Oh, I’m sorry I made you uncomfortable. Let me just un-develop this cancer real quick and then neither of us will have to have this disgusting interaction.

giphy

Guess what? Having breasts does not make me any more or any less of a woman. My confidence and self-worth is not defined by what lives underneath my shirt. My gender identity is not at all affected by this surgery. When I get ripped out of that deep anesthesia sleep next Monday, I will still be me- smart, snarky, and sexy.

Over the weekend, I did a lot of research and reading about what life is like for women who choose to go breast-free. Forums were joined, questions were asked, testimonials were read. And I found that most of the women who were brave and open enough to be public about their decision were incredibly happy with it and have adapted back to their regular lives with ease. My brain and my heart finally came together and figured out that I wouldn’t be staying true to myself if I had reconstruction done. I think it was around 11:30 pm on Saturday night when I finally said ‘fuck it- time to embrace that boob-free life.’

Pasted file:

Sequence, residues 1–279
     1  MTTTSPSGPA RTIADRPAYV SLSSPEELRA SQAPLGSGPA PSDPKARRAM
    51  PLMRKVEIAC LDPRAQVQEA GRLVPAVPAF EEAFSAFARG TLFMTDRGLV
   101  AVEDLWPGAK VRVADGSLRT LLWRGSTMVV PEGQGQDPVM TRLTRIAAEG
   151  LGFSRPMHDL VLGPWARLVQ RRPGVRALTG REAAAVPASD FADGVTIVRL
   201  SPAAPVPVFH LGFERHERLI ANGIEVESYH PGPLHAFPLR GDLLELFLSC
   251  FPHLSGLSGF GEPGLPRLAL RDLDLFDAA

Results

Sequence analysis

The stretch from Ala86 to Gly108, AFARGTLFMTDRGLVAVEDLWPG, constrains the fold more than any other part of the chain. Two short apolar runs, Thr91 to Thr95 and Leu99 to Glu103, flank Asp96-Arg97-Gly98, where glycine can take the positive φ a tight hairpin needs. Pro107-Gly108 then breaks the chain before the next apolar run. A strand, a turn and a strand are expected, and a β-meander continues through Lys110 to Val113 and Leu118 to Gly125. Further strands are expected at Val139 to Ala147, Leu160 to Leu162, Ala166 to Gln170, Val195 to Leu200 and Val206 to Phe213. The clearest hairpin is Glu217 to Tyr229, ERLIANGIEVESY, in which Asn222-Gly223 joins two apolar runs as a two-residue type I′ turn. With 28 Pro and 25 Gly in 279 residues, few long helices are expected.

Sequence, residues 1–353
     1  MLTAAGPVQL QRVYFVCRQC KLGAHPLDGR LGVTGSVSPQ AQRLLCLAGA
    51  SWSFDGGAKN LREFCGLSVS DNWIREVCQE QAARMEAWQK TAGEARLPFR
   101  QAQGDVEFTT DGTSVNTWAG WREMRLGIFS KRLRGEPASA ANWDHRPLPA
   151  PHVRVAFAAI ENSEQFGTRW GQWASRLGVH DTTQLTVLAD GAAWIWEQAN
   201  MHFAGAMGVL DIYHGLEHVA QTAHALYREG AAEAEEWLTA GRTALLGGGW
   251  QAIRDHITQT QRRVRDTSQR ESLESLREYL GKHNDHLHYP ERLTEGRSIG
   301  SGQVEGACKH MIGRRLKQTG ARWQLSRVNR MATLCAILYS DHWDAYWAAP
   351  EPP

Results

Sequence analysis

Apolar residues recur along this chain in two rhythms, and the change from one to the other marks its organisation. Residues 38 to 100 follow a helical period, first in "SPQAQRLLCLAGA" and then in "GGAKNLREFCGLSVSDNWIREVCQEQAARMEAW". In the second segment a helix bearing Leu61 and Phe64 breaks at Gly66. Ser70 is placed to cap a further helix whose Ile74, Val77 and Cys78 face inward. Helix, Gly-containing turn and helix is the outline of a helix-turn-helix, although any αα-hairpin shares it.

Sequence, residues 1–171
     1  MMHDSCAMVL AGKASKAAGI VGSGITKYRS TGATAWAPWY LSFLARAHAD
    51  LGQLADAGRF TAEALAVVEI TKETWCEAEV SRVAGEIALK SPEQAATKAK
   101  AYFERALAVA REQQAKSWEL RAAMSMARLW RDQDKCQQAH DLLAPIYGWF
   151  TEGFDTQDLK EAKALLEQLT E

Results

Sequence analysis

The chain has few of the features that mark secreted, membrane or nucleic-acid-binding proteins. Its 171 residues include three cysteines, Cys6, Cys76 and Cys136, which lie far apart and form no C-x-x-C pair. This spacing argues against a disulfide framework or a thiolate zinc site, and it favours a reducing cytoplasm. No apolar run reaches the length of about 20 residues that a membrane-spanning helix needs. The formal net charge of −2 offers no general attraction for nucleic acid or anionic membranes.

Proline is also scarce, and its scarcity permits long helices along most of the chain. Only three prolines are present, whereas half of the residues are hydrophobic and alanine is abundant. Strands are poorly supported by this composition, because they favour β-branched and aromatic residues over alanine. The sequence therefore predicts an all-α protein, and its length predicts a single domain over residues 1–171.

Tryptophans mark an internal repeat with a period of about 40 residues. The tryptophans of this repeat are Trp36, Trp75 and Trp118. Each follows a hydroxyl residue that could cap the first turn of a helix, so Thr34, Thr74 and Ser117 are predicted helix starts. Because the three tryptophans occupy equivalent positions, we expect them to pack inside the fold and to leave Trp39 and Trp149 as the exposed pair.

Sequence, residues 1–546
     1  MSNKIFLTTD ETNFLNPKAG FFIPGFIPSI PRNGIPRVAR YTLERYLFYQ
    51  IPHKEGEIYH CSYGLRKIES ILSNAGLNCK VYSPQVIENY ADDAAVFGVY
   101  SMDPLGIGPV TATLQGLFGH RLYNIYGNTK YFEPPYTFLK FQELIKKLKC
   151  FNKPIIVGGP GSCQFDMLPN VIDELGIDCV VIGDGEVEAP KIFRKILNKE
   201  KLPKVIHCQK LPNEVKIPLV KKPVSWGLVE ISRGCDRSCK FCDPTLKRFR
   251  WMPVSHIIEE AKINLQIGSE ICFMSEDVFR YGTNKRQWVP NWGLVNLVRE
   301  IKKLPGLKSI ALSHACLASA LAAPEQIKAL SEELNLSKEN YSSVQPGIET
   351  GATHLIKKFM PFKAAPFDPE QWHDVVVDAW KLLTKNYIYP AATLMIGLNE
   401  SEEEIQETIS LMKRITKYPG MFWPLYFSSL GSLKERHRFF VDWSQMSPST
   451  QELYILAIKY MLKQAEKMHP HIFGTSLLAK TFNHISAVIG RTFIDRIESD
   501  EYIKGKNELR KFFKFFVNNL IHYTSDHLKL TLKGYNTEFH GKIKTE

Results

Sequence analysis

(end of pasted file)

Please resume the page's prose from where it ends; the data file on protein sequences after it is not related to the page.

Is it going to be hard? Yes. Am I going to have days where I regret everything? Probably, but not forever. Am I going to experience grief and loss associated with the surgery? Absolutely, and it’s totally normal. But this means that I no longer have to go through the stress of staying on top of my terrible, fiberadenoma-growing, lumpy, painful, cancer boobs.

I’m #blessed to have Justin, who has done nothing but love me and support me through this decision-making process, and who legitimately already loves my post-surgery body. No idea how that works, but it’s amazing and I am eternally grateful. I feel like he’s known the entire time that this is what I would eventually decide to do… So I might be losing my tits to cancer, but I’m not losing my life, and that’s really something.

Also, wtf surgeon. I’m the lady whose ex-husband called her a “lesbian” when she cut off her hair. So what did she do? She cut it shorter. Breast-free? Challenge fucking accepted.